Use this URL to cite or link to this record in EThOS: http://ethos.bl.uk/OrderDetails.do?uin=uk.bl.ethos.454281
Title: Organisational change and the individual
Author: Easterby-Smith, Mark
Awarding Body: Durham University
Current Institution: Durham University
Date of Award: 1979
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Abstract:
Organizations and change are pervasive features of modern life, and organizational changes, whether intended or not, are becoming increasingly frequent. Despite its practical significance the field of organizational change lacks widely accepted theories aimed either at the academic observer or the participant in change, which explain what it is and how it takes place. This thesis attempts to develop an understanding of the nature and dynamics of organizational change from both perspectives. The thesis is divided into three main parts. The first part reviews some of the existing theories in the field, and proposes an alternative theory based on the notion of differential rates of change, and which distinguishes between descriptions and explanations of change. This is then elaborated through a review of the literature in the fields of organizational and individual change. The main theory, and ideas derived from it, are extended further and evaluated in the second and third parts of the thesis. Case studies are employed in the second part and survey data used in the third part; both are drawn from nurses facing major changes in a Group of National Health Service hospitals. A number of specific conclusions are reached about the ways change may be effected in organizations, and about the ways people may react to these changes. For instance, the examination of individual reactions to anticipated changes suggested two main areas of response. Affective attitudes towards the change were related most closely to judgements made about future patterns in the organization; whereas coping behaviour was more closely related to perceptions of existing patterns (and opportunities)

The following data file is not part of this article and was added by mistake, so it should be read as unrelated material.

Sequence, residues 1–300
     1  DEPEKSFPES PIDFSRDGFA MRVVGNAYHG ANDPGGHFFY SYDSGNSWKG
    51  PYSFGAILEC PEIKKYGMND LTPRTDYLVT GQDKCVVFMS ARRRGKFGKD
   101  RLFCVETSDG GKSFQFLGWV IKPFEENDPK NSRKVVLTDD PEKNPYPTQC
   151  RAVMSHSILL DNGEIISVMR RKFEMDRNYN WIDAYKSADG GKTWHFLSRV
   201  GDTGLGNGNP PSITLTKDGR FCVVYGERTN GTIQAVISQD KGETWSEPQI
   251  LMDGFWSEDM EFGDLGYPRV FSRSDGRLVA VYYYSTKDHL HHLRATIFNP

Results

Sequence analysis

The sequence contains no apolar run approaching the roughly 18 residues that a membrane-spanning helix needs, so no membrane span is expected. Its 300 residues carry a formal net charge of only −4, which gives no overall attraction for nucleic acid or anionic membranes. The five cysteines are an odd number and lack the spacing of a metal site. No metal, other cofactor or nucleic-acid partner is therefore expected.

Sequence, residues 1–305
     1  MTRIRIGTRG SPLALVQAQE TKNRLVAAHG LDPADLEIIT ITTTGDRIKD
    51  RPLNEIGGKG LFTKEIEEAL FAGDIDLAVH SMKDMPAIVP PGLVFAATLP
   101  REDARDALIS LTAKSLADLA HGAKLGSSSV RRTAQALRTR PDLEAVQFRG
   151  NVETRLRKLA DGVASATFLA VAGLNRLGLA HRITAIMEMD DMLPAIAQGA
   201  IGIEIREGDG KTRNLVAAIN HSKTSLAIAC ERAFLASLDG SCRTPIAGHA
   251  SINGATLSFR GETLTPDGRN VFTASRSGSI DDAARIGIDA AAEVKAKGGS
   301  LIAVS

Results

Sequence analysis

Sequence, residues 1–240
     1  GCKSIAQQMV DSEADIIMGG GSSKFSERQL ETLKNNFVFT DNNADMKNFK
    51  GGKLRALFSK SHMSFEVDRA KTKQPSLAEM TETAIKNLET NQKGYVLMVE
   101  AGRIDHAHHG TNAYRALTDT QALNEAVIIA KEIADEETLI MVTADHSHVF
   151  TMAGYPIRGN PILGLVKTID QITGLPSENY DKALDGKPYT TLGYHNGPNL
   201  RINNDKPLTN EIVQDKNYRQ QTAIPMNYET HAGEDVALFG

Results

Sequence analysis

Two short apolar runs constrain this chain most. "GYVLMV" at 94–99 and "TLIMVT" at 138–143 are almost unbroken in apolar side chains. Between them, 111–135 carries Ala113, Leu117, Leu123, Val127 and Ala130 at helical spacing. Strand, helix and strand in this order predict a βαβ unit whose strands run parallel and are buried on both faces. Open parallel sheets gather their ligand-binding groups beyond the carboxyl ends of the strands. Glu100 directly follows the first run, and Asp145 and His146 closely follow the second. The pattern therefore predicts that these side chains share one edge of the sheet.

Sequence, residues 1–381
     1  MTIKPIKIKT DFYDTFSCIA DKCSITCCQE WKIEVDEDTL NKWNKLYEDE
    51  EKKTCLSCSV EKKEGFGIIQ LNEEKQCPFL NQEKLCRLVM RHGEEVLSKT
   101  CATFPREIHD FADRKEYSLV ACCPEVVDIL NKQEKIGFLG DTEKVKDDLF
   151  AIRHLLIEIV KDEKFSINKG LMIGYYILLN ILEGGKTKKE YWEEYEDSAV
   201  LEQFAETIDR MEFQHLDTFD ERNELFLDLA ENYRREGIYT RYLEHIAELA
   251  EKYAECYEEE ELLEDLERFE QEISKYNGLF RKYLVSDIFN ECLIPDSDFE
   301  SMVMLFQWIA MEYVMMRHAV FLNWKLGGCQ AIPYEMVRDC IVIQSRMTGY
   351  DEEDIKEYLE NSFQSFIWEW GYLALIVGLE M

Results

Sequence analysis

Supervisor: Not available Sponsor: Not available
Qualification Name: Thesis (Ph.D.) Qualification Level: Doctoral
EThOS ID: uk.bl.ethos.454281  DOI: Not available
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